Director: Edward Dmytryk
Year Released: 1958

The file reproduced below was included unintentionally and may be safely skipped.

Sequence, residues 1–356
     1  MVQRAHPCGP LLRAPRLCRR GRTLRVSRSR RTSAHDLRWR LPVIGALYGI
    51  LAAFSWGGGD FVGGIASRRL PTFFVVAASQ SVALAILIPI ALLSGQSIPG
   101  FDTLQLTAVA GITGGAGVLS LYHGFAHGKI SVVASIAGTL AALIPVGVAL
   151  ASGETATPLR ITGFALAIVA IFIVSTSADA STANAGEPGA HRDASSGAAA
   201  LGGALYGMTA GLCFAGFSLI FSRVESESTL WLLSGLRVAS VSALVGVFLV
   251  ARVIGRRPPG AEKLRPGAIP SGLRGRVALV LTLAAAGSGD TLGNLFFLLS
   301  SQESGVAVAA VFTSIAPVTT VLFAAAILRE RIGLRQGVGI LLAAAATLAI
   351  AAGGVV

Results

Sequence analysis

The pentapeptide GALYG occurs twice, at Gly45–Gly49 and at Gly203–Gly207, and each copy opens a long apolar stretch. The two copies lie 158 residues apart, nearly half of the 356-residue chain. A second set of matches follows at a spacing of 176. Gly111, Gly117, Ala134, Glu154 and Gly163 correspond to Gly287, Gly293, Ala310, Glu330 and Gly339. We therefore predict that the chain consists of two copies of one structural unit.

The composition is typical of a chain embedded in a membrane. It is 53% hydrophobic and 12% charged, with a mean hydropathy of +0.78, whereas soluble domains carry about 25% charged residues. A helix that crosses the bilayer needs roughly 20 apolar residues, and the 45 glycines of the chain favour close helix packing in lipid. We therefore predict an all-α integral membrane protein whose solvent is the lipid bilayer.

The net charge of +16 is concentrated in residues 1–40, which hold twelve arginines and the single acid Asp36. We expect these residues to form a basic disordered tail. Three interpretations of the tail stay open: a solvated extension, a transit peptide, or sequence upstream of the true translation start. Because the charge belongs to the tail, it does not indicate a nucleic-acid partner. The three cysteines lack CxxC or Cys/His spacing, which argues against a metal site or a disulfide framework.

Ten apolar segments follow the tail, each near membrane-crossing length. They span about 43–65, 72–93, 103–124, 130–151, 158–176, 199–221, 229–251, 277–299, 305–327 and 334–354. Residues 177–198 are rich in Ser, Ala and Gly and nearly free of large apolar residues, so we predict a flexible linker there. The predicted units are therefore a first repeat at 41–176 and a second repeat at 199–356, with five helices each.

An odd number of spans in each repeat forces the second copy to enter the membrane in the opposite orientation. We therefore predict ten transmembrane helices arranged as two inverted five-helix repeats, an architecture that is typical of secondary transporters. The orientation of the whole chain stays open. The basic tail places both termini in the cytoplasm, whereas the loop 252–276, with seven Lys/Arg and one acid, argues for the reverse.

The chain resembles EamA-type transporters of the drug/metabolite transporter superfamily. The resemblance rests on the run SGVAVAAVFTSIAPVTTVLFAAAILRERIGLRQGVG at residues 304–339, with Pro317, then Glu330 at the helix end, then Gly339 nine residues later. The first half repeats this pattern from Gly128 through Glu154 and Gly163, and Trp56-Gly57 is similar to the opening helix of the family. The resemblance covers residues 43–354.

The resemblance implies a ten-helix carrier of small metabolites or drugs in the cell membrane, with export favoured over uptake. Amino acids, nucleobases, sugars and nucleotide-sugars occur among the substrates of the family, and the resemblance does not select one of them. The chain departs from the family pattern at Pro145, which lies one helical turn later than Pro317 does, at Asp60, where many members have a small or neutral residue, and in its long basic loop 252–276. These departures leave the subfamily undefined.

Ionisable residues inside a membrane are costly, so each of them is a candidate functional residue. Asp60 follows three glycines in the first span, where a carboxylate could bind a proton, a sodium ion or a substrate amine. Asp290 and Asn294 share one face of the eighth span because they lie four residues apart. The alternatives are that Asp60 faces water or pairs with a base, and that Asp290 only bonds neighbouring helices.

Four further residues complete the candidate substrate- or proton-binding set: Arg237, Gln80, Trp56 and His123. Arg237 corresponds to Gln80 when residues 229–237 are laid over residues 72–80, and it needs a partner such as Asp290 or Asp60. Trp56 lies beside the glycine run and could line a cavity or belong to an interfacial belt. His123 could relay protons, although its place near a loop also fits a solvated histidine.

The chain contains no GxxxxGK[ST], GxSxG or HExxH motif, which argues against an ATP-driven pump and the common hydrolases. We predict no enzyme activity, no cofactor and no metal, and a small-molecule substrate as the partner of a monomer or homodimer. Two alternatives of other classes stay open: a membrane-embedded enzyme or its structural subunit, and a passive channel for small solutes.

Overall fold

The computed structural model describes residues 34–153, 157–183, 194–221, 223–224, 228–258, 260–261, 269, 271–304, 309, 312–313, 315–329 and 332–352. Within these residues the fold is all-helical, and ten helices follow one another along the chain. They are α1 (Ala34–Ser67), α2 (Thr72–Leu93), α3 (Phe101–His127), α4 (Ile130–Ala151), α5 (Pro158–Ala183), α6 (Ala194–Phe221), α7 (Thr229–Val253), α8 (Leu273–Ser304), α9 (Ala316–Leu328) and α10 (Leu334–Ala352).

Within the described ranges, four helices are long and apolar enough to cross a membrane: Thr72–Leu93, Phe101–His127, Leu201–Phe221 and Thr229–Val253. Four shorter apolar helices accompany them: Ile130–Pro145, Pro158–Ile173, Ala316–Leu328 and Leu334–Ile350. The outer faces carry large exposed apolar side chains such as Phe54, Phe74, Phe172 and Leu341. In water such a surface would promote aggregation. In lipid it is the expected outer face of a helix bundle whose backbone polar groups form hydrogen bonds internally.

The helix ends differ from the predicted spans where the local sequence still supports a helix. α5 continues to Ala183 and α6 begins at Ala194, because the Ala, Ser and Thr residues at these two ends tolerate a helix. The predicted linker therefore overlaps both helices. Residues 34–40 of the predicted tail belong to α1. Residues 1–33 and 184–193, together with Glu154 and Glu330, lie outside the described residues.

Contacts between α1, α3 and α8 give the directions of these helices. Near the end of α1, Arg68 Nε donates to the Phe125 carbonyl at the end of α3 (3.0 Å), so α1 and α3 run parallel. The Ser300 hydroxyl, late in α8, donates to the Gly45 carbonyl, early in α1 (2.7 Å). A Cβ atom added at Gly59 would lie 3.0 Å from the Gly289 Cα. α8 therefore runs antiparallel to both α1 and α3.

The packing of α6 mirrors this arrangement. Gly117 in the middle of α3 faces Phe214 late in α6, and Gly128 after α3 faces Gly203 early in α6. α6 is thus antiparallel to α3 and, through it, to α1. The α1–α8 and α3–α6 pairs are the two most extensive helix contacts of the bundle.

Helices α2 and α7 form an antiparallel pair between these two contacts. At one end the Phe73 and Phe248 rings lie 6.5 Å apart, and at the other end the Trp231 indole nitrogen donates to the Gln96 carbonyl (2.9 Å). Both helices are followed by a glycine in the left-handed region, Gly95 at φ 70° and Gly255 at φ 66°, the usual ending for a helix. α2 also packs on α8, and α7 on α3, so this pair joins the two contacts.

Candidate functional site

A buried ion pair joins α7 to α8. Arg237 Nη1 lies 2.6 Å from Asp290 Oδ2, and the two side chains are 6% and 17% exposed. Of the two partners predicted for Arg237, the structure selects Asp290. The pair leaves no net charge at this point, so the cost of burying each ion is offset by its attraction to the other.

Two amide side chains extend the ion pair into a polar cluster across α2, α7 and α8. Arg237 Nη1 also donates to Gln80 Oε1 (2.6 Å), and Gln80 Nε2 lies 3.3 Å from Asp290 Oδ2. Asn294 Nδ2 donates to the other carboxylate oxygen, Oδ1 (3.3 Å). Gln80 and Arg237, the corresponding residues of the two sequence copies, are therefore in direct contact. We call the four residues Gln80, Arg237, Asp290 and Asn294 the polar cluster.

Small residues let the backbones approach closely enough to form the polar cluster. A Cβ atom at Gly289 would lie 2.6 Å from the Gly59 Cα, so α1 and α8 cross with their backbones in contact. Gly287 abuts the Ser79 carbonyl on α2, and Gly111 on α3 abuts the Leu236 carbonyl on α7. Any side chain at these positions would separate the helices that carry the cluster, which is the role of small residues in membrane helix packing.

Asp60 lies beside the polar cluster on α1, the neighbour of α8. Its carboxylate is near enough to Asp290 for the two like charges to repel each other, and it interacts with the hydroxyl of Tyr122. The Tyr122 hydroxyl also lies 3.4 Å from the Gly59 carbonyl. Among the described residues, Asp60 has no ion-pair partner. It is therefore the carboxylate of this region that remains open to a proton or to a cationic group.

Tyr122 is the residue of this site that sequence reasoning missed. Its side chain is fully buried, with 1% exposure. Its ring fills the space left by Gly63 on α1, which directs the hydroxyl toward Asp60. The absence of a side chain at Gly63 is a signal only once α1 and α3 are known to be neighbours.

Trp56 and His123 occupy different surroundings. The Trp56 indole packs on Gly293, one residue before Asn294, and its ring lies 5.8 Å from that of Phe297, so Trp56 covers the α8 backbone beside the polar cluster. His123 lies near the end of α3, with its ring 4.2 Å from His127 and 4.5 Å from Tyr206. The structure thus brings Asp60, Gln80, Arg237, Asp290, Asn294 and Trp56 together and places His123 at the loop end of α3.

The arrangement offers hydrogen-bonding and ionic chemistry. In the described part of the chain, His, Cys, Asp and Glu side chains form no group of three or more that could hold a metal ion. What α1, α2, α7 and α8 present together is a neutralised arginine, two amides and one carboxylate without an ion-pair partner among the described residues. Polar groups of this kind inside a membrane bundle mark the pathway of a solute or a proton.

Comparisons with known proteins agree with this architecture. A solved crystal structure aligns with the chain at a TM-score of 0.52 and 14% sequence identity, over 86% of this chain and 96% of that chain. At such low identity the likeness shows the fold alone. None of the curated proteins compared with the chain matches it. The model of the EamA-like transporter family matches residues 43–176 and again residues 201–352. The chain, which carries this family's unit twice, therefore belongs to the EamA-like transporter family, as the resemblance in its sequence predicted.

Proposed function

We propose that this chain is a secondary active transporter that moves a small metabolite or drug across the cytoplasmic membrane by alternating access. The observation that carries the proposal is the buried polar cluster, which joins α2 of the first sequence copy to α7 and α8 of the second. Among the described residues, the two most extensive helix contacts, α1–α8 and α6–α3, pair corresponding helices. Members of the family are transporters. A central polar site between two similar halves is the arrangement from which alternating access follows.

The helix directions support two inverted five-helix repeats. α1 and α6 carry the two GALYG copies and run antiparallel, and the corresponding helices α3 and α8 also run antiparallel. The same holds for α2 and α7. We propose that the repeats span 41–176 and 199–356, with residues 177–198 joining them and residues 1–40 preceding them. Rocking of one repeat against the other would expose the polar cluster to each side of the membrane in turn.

Somewhat tacky, somewhat bloated WWII picture juxtaposes the lives of two American G.I.s called for duty - a nebbish bookworm (Montgomery Clift) and a Broadway star (Dean Martin) - as well as a German soldier (Marlon Brando) who becomes disillusioned with the war. The scenes of actual war are awkwardly scattered about and disrupt the rhythm of the story, and showing the one good Nazi left torturing himself for the sins of his country basically permits Brando to martyr himself for three hours (und vit und German ak-scent, ya), but like other mid-tier WWII movies it has a few good things going for it, mainly the star power of the three leads and the usual complaints about the cruel politics of Army life and the need for dignity regardless of religious affiliation. Dmytryk was never the most subtle of directors, but he keeps it watchable.